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Women engineers in the 1920s

January 1920. And the pages of The Engineer were ablaze with an ill-tempered debate on female engineers which illustrates dramatically how much industry - and The Engineer itself - has changed over the last century.

You can read the full exchange here but It all begins with a short article in the January 9th issue of The Engineer entitled ‘The Woman Engineer’

‘If [women] are better than men,’ pronounces the columnist (who we can probably assume is male), ‘they will get work, and if they are not they won’t, and that…is all there is to it.’

‘Nature has not fitted women for engineering,’ he continues, warming to his theme. ‘And though here and there one may break away from the normal, just as we may find now and then a great woman novelist or a tolerable women artist, so a few times in a century women may reach eminence in engineering.’

‘If women desire to remain in the craft of engineering,’ he concludes, ‘they must be content to call themselves women-mechanics.’

The following issue - published on January 16th - features an outraged  response from Miss V Key Jones, General Secretary of the Women’s Industrial League.

‘What women would like to know’, asks Jones ‘is why it should be necessary for them to prove themselves to be better than men?’

She then refers to the large numbers of women pressed into service as engineers during the first world war who, she says, ‘With short and hurried training ….showed that they possessed ability equal to and in some cases superior to men’s.’

Only when women have been engineers as long as men have would it be equitable to place them on absolute equality with men

The Engineer’s final word on the matter is patronising and dismissive. ‘Miss Key Jones desires to know why they must be better. Surely it is obvious that one does not change from something that is good unless it is to find something better.’

‘Only when women have been engineers as long as men have,’ concludes the article, ‘would it be equitable to place them on absolute equality with men.’

Thankfully, though similar attitudes may still persist in some of the less enlightened corners of British industry, much has been done, and is being done, to improve industry’s gender diversity, and the world is today a far-friendlier place for the female engineer.


Readers' comments (13)

  • These feminist debates are to all practical extents a waste of time in the UK, where if a woman wants to do something, there is little to stop her, even when she wants to be PM. Do we care if a person is male female or neuter, if they can do the job? Is there really a conspiracy to stop dedicated and proficient women reaching the top in any field? Or is the real force behind discrimination nature itself?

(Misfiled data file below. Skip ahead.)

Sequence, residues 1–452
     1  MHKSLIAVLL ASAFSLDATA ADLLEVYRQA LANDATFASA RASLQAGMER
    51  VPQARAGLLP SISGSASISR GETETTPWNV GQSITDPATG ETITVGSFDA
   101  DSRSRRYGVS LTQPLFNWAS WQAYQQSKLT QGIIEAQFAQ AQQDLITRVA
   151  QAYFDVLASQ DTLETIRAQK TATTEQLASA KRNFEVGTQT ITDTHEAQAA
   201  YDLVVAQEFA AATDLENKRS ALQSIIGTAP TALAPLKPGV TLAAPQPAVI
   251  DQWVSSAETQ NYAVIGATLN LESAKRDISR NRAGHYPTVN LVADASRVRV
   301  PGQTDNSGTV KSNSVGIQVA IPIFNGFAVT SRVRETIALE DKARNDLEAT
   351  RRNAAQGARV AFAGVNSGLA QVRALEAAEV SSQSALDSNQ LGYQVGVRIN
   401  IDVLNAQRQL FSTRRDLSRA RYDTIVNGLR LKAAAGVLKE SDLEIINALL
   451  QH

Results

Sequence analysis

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  • I am reminded of 1960 (40 years after the exchange you describe) when amongst our 65 First year Students of Applied Science at St Andrews was a single girl. Sally wanted to study Civil Engineering but was told by the Dean: 'that is not a job for a lady'! She had to do electrical. happily such attitudes are long gone. Well aren't they?
    Mike b

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  • I think the article could have been written yesterday. The notion that women have to prove themselves, and prove to be better still persists.

    The anecdote from 1960 - pshaw! We still hear similar anecdotes in the 2010s - teachers and careers advisers still insist in gender-stereotyping, no matter how many lovely promotional materials showing young women in engineering environments. There are very recent surveys of women eng graduates not finding jobs at the same rates as the boys - even if they have similar ambitions and better degrees. See results of SET to Lead:
    and note the fleeting reference to "instances of poor behaviour towards females by other candidates were cited at assessment centres " so it's not just dinosaurs who display such attitudes.

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  • We hope you don't mean this could have been written yesterday in The Engineer! We like to think we have a somewhat more enlightened attitude to this subject than our 1920s predecessors.